FIGS. 14A-14B illustrate how motions from a rolling shutter camera can be converted to an audio signal. Each row of the video is captured at a different time, as illustrated in FIG. 14A. The line delay d is the time between the capture of consecutive rows. The exposure time E is the amount of time the shutter is open for each row, the frame period is the time between the start of each frame's capture and the frame delay is the time between when the last row of a frame and the first row of the next frame are captured. The motion of each row corresponds to a sample in the recovered audio signal shown in FIG. 14B. Samples that occur during the frame delay period are missing and are denoted in light gray.

Because each row in a sensor with rolling sensor is captured at different times, an audio signal for each row can be recovered, rather than only for each frame, increasing the sampling rate from the frame rate of the camera to the rate at which rows are recorded. The mapping of the sensor rows to the audio signal can be fully determined by knowing the exposure time of the camera, E, the line delay, d, which is the time between row captures, the frame period T, the time between frame captures, and the frame delay, D (shown in FIG. 14A). The rolling shutter parameters can be taken from the camera and sensor specifications or computed (for any camera) through a simple calibration process (Meingast, M., Geyer, C., and Sastry, S., 2005, “Geometric models of rolling-shutter cameras,” arXiv preprint cs/0503076).

A forward model can be assumed, in which an object, whose image is given by B(x, y), moves with coherent fronto-parallel horizontal motion described by s(t). It can also be assumed that the motion reflects the audio to be recovered, as before. If it is assumed that the exposure time E≈0, then the nth frame In taken by the camera can be characterized by the equation
I n(x,y)=B(x−αs(nT+yd),y).  (9)

Eqn. 9 can be used to produce a simulation of rolling shutter. If it is assumed that the yth row of B has sufficient horizontal texture, s(nT+yd) can be recovered using phase-based motion analysis. If the frame delay, the time between the capture of the last row of one frame and the first row of the next frame, is not zero, then there can be times when the camera is not recording anything. This results in missing samples or “gaps” in the audio signal. In FIG. 14B, we show how a triangular wave is recovered from a rolling shutter camera. Each frame contributes eleven samples, one for each row. There are five missing samples, denoted in light gray, between each frame corresponding to the non-negligible frame delay. To deal with the missing samples in the audio signal, an audio interpolation technique from Janssen (Janssen, A., Veldhuis, R., and Vries, L. 1986, “Adaptive interpolation of discrete-time signals that can be modeled as autoregressive processes,” Acoustics, Speech and Signal Processing, IEEE Transactions on 34, 2, 317-330) was used.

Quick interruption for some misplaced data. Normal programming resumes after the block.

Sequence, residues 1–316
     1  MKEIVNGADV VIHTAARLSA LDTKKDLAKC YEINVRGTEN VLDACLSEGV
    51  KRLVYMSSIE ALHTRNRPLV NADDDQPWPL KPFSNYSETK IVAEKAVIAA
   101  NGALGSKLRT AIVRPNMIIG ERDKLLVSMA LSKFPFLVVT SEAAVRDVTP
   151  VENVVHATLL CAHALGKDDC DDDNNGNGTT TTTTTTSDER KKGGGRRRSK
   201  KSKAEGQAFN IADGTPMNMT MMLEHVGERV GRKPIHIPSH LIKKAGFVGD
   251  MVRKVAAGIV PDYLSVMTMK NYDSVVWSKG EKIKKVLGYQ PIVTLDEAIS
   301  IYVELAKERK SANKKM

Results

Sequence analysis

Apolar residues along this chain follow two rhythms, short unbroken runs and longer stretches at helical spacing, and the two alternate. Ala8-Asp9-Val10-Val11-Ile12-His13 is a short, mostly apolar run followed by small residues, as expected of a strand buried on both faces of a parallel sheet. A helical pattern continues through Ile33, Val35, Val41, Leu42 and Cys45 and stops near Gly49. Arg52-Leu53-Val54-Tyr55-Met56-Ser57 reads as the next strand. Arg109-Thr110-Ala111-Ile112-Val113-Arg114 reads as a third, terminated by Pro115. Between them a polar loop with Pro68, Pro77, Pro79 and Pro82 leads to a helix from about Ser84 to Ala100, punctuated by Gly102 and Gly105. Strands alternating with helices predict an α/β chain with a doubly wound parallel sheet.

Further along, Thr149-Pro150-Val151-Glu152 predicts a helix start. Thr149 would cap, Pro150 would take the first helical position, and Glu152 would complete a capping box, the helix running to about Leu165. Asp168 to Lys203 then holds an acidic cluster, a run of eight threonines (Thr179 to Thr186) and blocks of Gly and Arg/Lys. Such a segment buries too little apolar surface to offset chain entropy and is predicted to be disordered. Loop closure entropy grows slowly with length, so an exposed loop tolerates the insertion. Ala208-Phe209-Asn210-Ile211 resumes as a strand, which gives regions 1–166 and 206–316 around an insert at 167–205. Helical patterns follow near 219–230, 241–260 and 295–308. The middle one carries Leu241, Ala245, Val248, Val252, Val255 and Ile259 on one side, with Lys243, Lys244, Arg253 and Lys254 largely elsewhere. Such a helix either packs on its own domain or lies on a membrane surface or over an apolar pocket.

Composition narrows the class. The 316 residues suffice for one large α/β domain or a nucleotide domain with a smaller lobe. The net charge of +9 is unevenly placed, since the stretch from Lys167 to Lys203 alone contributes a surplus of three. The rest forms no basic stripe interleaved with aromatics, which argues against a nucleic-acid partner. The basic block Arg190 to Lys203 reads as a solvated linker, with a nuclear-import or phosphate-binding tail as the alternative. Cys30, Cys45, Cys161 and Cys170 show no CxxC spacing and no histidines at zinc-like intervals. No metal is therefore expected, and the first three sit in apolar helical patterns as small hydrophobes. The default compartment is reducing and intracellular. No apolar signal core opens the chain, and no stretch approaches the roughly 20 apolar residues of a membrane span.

In practice, the exposure time is not zero, and each row is the time average of its position during the exposure. For sinusoidal audio signals of frequency ω>1/E, the recorded row will approximately be to the left of its rest position for half of the exposure and to the right for the other half. Therefore, it will not be well-characterized by a single translation, suggesting that E is a limit on the maximum frequency that can be captured with a rolling shutter. Most cameras have minimum exposure times on the order of 0.1 milliseconds (10 kHz).

FIGS. 15A-15B illustrate a source frame and sound recovered from a normal frame-rate video obtained using a standard DSLR camera with rolling shutter. FIG. 15A shows a frame from the DSLR video. FIG. 15B shows a spectrogram of James Earl Jones's recitation of “The Raven” by Edgar Allan Poe as played through a loudspeaker, while an ordinary DSLR camera filmed a nearby candy bag. The candy bag was placed near a loudspeaker playing the speech, and the video was taken from a viewpoint orthogonal to the loudspeaker-object axis, so that the motions of the bag due to the loudspeaker would be horizontal and fronto-parallel in the camera's image plane. A Pentax K-01 with a 31 mm lens was used. The camera recorded at 60 FPS at a resolution of 1280×720 pixels with an exposure time of 1/2000 seconds. By measuring the slope of a line, it was determined to have a line delay of 16 microseconds and a frame delay of 5 milliseconds, so that the effective sampling rate was 61920 Hz with 30% of the samples missing. The exposure time caps the maximum recoverable frequency at around 2000 Hz. In addition to audio interpolation to recover missing samples, we also denoise the signal with a speech enhancement algorithm and a low-pass filter to remove out-of-range frequencies we cannot recover due to the exposure time.